FreePascal From Square One (rev 12/12/2017 277 page 4.9 MB PDF) is a great introduction to programming (Part 1) and to the core of Pascal (Part 3).  With the small distributions available below you can put off installing anything (Part 2) until later.

A corrected table of contents for the PDF above
Introduction: How This Book Came About. . . . . . . . . . . 7
Part 1: The Fundamental Ideas of Programming . . . . 11
 1. The Box That Follows a Plan . . . . . . . . . . . . . . . . . . 13
 2. The Nature of Software Development . . . . . . . . . . . 41
 3. The Secret Word Is “Structure” . . . . . . . . . . . . . . . . 67
Part 2: Installing, Learning, and Using FreePascal . . . 89
 4. Installing FreePascal and Lazarus . . . . . . . . . . . . . . 91 UF
 5. Using the Lazarus Environment . . . . . . . . . . . . . . . 109 UF
Part 3: The Core of the Pascal Language . . . . . . . . . . 121
 6. Pascal Atoms . . . . . . . . . . . . . . . . . . . . . . . . . . . . . 123 UF
 7. Data and Data Types. . . . . . . . . . . . . . . . . . . . . . . 149
 8. Derived Types and Data Structures . . . . . . . . . . . 179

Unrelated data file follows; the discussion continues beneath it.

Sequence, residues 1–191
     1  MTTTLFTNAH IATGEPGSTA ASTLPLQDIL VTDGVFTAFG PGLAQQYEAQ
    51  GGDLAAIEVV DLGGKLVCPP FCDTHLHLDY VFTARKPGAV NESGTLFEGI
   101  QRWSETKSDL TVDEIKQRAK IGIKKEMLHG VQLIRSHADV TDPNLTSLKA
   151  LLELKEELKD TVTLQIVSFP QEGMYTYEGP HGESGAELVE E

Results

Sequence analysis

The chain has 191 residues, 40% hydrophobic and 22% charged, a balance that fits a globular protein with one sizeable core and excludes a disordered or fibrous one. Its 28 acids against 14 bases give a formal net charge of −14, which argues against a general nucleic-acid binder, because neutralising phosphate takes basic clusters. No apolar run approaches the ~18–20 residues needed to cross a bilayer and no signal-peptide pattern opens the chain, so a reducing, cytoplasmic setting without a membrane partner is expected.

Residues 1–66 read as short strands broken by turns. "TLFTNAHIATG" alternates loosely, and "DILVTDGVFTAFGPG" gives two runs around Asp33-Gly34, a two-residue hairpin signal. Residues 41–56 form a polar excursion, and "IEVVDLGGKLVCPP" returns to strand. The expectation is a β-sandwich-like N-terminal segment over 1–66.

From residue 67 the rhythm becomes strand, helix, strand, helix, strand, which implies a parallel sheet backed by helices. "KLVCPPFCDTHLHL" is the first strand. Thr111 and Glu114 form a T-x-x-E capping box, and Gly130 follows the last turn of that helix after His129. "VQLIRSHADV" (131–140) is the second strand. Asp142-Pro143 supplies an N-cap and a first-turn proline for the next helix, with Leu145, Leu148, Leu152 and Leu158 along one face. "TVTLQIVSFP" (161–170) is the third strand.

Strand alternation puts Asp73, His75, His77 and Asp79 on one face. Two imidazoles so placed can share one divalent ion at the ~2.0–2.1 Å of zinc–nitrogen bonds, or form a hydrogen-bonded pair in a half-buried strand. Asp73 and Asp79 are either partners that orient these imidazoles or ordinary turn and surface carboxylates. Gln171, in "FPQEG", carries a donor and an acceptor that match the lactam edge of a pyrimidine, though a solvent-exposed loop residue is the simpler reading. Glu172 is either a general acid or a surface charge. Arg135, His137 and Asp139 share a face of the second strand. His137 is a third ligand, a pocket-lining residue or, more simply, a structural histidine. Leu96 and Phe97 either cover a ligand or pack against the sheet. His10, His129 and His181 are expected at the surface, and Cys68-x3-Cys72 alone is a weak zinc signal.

9. Controlling the Flow of Program Execution . . . . . 219 UF
10. Procedures and Functions . . . . . . . . . . . . . . . . . . 249

There are only 10 kinds of people in the world. Those who understand binary and those who don’t. Figure out the 6 character English word (programming "string") here using this page, then search for that word and Android and see the first about page to see where the picture came from...

And if you are just starting out, Learning Computer Architecture with Raspberry Pi book (much by the same author as the PDF above) might be the next thing to study (after purchasing a Raspberry Pi).

If you are an experienced programmer, here is a quick introduction to Free Pascal.

The companion website for a good Raspberry Pi book (also one for Beaglebone).

Here is another recommended tutorial for Pascal.